Llandudno. The Guardian Society has been established for the protection of tradesmen, and there are now 94 members. Last year not less than 323 cases were entered in the County Court by the Society's solicitors, an increaso of 57 on the previous year. Most singular, the members, it is stated, were successful in all defended cases heard during the past year.
Abergele. Local Smithfield. As announced in another column, M r George Perkins will on Tuesday next, at the Bee Yard, offer 50 fat and store cattle and 100 sheep for sale by public auction. All the stock has been selected with great care.
St. George. Sale of Work. A sale of work was held on Thursday last in the Village Hall, the proceeds to provide a, piano for that room. Lidy Florentia Hughes and the M isses Hughes -were mainly responsible, and were assisted by several friends. About £40, a very satisfactory sum, was realised.
St. Asaph Churchmen and the Education Act. During the last few days several meetings have been held iu the diocese of St. Asaph t,) explain certain pro- visions of the Act, and to resolve upon concerted action tmiong Church School Managers. Mr Tilby, secretary of toe Association, attended most of them. The Bishop presided over a largely attended meeting in Rhyl on Wednesday, and the f.rocecdIng lasted tw,) hours, managers being present from the Deaneries of St Asaph, Holywell, and Rhos. It was felt that some hindrances may be encountered for a while aftjr the ap- pointed day, but the meeting was assured.that matters would in time be righted. A Radical contemporary states that "There can be no doubt that the Church party in the diocese, if not throughout Wales, are preparing for a big fight."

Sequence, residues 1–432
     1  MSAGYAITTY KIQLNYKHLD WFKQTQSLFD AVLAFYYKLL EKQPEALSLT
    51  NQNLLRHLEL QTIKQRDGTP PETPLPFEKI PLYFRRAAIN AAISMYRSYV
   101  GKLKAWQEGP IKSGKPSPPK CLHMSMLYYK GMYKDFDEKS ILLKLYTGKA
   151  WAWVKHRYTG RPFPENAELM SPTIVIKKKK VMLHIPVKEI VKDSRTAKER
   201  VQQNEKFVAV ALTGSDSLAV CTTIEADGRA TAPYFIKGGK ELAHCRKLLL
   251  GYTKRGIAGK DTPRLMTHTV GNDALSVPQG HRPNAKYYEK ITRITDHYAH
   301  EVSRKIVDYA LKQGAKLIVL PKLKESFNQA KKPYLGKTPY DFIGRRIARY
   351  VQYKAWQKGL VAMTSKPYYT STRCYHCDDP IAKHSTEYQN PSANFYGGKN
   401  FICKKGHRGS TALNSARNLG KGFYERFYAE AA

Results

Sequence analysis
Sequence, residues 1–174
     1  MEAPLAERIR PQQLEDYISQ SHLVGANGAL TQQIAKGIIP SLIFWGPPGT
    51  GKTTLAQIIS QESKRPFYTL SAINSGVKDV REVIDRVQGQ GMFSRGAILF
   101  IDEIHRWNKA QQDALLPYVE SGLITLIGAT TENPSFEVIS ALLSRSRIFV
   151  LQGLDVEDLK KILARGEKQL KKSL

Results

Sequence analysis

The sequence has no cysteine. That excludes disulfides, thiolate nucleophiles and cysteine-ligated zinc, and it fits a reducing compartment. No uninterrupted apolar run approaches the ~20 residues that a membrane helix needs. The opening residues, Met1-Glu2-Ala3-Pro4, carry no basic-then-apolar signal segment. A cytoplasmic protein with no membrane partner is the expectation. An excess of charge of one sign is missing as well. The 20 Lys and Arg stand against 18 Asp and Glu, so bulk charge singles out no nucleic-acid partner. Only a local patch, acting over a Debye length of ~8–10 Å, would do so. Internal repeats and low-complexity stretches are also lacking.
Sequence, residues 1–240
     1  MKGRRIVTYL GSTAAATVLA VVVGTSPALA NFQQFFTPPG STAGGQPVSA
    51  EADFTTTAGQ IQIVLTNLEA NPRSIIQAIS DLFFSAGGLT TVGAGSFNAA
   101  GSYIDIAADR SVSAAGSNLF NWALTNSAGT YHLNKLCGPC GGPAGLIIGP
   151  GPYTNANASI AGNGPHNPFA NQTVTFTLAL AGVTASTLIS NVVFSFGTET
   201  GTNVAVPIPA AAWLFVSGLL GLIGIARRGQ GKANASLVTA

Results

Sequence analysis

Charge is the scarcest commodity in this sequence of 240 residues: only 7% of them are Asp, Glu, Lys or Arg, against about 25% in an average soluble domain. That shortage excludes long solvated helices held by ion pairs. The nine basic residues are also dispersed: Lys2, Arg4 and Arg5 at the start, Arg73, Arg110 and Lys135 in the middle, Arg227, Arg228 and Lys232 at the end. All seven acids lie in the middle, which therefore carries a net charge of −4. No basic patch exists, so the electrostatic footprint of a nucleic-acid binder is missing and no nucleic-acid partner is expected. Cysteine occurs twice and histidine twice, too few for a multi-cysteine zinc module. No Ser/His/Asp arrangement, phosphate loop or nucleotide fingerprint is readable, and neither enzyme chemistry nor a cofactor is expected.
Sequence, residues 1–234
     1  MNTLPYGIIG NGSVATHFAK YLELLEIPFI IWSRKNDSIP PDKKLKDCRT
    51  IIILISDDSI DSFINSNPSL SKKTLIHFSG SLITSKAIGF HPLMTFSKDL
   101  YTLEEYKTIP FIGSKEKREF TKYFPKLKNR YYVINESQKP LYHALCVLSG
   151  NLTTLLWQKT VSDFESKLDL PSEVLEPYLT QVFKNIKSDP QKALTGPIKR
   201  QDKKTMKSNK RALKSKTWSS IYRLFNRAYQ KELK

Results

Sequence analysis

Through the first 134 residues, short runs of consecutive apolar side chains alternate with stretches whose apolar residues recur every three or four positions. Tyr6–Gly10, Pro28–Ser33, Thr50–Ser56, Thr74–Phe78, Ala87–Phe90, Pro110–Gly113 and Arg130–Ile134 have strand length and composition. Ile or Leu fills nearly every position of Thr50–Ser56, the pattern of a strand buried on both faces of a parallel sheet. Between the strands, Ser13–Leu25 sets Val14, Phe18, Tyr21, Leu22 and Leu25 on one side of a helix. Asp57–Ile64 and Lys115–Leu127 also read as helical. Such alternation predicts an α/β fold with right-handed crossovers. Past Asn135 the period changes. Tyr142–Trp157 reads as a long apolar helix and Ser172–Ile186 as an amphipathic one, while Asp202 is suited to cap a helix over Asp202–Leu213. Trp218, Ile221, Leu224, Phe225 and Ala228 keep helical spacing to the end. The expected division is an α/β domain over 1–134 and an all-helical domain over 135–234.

Colwyn. A Girl's Downfall. A girl named Mary Jones, of fairly respectable appearance, had a long walk from Llandilo to Newport, and then got into evil ways. This was the outline of the story told by Head-conatable Sinclair to the Newport magistrates on Wednes- day, when the girl was before them on a charge of vagrancy by sleeping in a shed.—Mr Sinclair said the defendant, who was a native of Colwyn, North Wales, had been employed at a restaurant at Newport, but letb and went away to Llandilo. She walked hack to Newport, and had become a vagrant in the streets. Efforts had been made to bring about a reformation, but had failed.—The Bench asked her if she would go back to her home provided her fare was paid. She replied that she had no friends living at Colwyn now.—In the r.-nilt, she was cautioned and directed to leave the town forthwith.